New research out of NYU College of Dentistry and Weill Cornell Medicine “adds to the growing evidence of a connection between periodontal disease and Alzheimer’s” disease, Science Daily reports. The findings show the importance of the oral microbiome and may offer clues for preventing Alzheimer’s.
Researchers found that adults who have more harmful than healthy bacteria in their gums are more likely to have evidence for amyloid beta, a key biomarker for Alzheimer’s, in their cerebrospinal fluid (CSF). Amyloid beta is one of two characteristic proteins for Alzheimer’s in the brain. The other, tau, was not associated with an imbalance in oral bacteria.
The study, “Periodontal dysbiosis associates with reduced CSF A 42 in cognitively normal elderly” by Kamer et al., was published in the journal Alzheimer’s & Dementia: Diagnosis, Assessment & Disease Monitoring.
“To our knowledge, this is the first study showing an association between the imbalanced bacterial community found under the gumline and a CSF biomarker of Alzheimer’s disease in cognitively normal older adults,” said Angela R. Kamer, the lead author on the study.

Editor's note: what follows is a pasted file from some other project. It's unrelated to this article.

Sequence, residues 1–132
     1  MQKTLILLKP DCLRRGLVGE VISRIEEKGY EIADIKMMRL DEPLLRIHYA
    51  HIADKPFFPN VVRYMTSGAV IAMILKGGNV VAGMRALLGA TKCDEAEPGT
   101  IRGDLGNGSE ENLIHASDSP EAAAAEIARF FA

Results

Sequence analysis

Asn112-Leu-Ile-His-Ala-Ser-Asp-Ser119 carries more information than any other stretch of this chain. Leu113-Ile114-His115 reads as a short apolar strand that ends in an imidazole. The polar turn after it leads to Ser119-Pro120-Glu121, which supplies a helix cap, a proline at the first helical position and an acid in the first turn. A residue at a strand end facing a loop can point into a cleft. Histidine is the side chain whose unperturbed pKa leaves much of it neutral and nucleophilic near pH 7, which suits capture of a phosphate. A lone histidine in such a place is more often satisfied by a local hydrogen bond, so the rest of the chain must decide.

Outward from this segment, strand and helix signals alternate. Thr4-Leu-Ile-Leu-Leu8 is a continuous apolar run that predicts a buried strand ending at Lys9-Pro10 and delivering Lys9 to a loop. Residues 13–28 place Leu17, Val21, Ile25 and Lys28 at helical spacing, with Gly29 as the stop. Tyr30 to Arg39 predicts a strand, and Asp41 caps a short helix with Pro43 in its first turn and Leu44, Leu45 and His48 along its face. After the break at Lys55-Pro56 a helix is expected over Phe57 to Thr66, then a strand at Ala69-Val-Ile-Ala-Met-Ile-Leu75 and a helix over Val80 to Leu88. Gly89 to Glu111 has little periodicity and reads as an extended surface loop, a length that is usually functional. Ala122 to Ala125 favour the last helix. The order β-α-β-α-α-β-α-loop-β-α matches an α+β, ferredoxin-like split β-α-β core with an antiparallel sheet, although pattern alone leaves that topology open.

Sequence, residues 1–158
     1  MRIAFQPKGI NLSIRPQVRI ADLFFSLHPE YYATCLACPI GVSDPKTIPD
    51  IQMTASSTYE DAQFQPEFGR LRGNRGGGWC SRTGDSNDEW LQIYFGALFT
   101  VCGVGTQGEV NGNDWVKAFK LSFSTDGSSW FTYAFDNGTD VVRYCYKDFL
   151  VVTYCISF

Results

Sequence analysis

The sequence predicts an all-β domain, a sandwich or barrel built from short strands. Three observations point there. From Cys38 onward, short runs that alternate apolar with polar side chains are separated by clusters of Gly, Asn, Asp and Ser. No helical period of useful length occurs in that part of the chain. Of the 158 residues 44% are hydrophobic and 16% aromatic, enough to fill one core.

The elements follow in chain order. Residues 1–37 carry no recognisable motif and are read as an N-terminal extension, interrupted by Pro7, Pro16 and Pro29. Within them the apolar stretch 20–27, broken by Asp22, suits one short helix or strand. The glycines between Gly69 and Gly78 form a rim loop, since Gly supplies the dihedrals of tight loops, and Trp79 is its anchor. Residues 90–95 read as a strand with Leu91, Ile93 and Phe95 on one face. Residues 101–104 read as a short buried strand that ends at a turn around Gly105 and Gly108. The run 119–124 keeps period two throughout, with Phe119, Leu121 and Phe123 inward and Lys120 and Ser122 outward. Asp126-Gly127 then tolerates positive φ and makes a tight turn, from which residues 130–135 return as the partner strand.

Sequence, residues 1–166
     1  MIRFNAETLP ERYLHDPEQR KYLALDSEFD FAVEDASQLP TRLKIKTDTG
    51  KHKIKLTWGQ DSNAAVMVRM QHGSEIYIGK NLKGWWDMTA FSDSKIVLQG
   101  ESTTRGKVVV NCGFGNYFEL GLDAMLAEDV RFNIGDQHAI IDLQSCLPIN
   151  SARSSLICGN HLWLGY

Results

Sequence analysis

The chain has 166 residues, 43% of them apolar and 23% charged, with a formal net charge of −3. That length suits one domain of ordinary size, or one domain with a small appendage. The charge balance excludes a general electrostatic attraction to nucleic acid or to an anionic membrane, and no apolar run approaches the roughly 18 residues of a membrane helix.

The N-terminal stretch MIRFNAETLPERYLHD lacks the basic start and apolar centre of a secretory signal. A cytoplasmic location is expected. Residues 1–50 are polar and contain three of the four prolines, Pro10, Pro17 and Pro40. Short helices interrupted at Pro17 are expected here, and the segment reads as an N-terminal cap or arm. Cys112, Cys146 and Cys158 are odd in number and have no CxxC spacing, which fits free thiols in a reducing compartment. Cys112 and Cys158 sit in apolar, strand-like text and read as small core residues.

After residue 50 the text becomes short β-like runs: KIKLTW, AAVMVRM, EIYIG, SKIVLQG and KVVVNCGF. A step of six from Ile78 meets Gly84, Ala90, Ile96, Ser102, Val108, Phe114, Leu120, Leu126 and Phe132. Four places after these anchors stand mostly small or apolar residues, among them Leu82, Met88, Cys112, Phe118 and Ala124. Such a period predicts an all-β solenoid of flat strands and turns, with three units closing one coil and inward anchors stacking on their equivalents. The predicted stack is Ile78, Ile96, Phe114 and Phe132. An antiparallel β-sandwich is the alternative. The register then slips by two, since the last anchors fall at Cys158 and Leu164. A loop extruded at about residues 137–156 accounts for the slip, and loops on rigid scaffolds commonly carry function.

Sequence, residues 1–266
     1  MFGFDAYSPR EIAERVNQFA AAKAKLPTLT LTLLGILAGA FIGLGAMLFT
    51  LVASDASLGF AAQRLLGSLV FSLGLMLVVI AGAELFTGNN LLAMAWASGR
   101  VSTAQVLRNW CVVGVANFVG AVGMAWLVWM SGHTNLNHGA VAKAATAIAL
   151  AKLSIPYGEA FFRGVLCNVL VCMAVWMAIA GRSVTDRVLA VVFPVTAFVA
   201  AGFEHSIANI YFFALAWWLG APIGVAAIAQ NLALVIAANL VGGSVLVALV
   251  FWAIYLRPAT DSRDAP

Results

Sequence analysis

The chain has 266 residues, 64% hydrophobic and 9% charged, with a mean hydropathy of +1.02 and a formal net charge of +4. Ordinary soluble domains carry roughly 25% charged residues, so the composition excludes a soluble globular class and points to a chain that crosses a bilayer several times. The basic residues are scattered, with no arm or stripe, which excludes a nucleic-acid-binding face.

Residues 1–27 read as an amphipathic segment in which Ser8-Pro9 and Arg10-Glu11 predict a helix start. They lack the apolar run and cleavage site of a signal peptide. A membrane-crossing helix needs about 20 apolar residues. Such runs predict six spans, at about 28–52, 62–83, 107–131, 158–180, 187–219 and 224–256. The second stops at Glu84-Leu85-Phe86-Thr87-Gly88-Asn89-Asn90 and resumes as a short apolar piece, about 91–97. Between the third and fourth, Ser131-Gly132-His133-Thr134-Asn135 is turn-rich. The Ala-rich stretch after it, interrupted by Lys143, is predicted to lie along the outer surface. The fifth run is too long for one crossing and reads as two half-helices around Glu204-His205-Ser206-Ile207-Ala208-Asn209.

The study involved 48 healthy adults ages 65 and over. The researchers collected bacterial samples from under the gumline and CSF samples via a lumbar puncture to measure levels of amyloid beta and tau. The researchers then analyzed the bacterial samples to quantify “bad” bacteria — those known to be harmful to oral health — and “good bacteria” — those that are positive for oral health.
An imbalance in bacteria, with more harmful than good, was linked with an increased likelihood to have more amyloid beta in the brain. The reason, researchers speculated, could be that healthy oral bacteria may be protective against Alzheimer’s, in addition to maintaining bacterial balance in the mouth and decreasing inflammation.
“Our results show the importance of the overall oral microbiome — not only of the role of ‘bad’ bacteria, but also ‘good’ bacteria — in modulating amyloid levels,” said Kamer. “These findings suggest that multiple oral bacteria are involved in the expression of amyloid lesions.”
The researchers are planning to conduct a follow-up study to determine if improving gum health through deep oral cleanings could modify levels of beta amyloid in the brain and prevent Alzheimer’s disease.
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